Tuesday, March 2, 2010

Betting on the Blind Side - By Michael Lewis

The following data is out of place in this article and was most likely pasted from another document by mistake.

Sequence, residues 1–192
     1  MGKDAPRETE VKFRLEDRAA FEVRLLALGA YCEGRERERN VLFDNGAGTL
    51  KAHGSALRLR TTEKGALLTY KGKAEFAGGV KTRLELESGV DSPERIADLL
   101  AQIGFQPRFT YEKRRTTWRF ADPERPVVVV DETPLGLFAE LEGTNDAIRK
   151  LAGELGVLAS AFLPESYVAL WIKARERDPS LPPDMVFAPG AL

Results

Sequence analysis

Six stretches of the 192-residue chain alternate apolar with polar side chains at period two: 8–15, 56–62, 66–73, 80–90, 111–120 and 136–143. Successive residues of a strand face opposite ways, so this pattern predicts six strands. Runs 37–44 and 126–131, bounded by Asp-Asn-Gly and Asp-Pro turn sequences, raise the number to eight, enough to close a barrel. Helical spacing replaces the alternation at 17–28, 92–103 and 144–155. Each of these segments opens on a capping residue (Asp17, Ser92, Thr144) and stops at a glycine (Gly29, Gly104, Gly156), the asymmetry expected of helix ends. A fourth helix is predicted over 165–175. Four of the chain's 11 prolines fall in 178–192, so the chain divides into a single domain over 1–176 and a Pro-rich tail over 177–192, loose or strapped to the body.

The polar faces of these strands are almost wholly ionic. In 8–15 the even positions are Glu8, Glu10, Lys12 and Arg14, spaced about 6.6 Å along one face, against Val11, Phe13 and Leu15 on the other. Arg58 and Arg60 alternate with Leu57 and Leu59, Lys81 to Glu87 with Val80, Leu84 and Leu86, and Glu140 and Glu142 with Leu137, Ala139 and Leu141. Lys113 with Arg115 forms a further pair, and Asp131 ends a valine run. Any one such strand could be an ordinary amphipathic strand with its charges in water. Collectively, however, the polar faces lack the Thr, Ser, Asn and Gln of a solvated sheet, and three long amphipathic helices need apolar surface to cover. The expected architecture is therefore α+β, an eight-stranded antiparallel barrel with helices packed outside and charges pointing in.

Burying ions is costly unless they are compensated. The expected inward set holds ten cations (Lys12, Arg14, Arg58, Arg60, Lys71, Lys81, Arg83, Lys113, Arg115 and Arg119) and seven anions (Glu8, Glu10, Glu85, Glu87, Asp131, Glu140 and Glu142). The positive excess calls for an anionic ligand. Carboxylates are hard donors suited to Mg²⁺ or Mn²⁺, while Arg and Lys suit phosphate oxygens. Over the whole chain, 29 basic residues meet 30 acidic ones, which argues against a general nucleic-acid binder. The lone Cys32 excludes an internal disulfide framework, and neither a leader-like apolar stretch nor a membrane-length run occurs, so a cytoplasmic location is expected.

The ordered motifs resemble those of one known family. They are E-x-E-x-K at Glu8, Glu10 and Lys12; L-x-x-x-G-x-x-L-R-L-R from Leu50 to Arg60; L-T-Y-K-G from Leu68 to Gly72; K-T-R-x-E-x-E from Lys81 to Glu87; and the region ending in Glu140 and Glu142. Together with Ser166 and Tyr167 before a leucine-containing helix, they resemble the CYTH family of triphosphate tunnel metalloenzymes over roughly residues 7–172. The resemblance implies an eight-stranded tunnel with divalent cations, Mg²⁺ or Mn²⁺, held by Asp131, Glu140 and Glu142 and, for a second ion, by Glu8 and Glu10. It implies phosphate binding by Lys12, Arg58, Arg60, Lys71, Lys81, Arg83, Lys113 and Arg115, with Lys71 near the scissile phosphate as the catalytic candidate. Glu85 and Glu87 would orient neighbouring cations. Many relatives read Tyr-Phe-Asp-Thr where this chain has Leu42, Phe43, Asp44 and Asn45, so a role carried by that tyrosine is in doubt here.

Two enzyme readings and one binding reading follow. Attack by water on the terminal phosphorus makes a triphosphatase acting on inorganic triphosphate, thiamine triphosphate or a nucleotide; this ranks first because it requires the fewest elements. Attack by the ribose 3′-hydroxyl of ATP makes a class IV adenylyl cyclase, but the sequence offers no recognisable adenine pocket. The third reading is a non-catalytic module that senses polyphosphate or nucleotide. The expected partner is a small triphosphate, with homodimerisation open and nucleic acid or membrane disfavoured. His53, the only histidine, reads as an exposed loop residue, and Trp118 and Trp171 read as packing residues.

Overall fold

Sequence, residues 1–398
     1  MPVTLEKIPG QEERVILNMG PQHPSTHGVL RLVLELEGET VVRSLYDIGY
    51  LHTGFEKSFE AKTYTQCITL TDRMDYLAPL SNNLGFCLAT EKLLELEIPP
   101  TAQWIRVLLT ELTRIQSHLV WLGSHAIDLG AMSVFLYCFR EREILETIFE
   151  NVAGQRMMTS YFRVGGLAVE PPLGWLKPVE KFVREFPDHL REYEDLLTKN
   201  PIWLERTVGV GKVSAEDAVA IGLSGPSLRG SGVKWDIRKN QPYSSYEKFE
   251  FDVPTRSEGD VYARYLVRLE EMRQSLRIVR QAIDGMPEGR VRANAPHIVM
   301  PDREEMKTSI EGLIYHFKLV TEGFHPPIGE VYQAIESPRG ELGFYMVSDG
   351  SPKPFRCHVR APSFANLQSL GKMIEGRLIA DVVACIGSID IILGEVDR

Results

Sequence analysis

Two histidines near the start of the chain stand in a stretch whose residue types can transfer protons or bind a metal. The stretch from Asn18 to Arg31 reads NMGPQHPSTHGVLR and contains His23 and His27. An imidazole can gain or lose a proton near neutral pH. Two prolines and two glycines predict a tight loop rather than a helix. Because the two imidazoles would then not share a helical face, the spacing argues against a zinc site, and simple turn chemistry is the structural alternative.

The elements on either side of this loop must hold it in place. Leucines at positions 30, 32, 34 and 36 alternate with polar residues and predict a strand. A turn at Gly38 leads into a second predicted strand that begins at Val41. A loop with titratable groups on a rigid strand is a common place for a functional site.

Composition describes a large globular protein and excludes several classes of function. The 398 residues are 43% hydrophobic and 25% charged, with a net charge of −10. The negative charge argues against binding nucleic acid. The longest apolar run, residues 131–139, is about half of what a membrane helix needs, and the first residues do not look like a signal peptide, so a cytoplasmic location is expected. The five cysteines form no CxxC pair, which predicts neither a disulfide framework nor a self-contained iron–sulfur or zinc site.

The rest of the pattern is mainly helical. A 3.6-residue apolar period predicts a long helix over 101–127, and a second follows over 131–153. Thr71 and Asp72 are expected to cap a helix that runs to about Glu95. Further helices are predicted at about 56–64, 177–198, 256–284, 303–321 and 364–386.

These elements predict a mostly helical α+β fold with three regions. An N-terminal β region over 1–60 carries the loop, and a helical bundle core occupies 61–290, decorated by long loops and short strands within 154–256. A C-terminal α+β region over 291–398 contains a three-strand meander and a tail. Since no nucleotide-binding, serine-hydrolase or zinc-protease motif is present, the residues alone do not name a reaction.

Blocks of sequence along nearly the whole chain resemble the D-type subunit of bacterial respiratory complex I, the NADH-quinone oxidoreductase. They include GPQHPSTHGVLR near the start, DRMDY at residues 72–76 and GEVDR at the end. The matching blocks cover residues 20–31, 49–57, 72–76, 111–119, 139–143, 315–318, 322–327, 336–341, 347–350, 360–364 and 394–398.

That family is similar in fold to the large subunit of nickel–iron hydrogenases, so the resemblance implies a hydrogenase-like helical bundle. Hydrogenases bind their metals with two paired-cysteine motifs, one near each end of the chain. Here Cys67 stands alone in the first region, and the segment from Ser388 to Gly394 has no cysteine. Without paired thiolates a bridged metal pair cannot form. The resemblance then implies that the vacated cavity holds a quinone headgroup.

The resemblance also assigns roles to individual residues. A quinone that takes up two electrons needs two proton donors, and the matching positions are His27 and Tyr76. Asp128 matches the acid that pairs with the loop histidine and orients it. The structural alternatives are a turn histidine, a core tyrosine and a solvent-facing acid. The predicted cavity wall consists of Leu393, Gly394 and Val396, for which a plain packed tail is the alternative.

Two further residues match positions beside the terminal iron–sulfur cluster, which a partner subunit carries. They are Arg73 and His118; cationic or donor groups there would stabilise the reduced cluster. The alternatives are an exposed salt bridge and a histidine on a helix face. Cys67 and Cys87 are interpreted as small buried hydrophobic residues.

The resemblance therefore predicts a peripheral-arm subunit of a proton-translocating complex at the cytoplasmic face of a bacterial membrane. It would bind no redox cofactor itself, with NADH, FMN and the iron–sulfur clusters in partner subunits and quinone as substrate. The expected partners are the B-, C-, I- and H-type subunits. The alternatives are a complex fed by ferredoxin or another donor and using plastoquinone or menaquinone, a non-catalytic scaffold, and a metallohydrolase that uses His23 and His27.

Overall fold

On his way to his meeting with Greenblatt, Burry was racked with the anxiety that always plagued him before face-to-face encounters with people. He took some comfort in the fact that the Gotham people seemed to have read so much of what he had written. “If you read what I wrote first, and then meet me, the meeting goes fine,” he said. “People who meet me who haven’t read what I wrote—it almost never goes well. Even in high school it was like that—even with teachers.” He was a walking blind taste test: you had to decide if you approved of him before you laid eyes on him. In this case he was at a serious disadvantage, as he had no clue how big-time money managers dressed. “He calls me the day before the meeting,” says one of his e-mail friends, himself a professional money manager. “And he asks, ‘What should I wear?’ He didn’t own a tie. He had one blue sports coat, for funerals.” This was another quirk of Mike Burry’s. In writing, he presented himself formally, even a bit stuffily, but he dressed for the beach. Walking to Gotham’s office, he panicked and ducked into a Tie Rack and bought a tie. He arrived at the big New York money-management firm as formally attired as he had ever been in his entire life to find its partners in T-shirts and sweatpants. The exchange went something like this: “We’d like to give you a million dollars.” “Excuse me?” “We want to buy a quarter of your new hedge fund. For a million dollars.” “You do?” “Yes. We’re offering a million dollars.” “After tax!”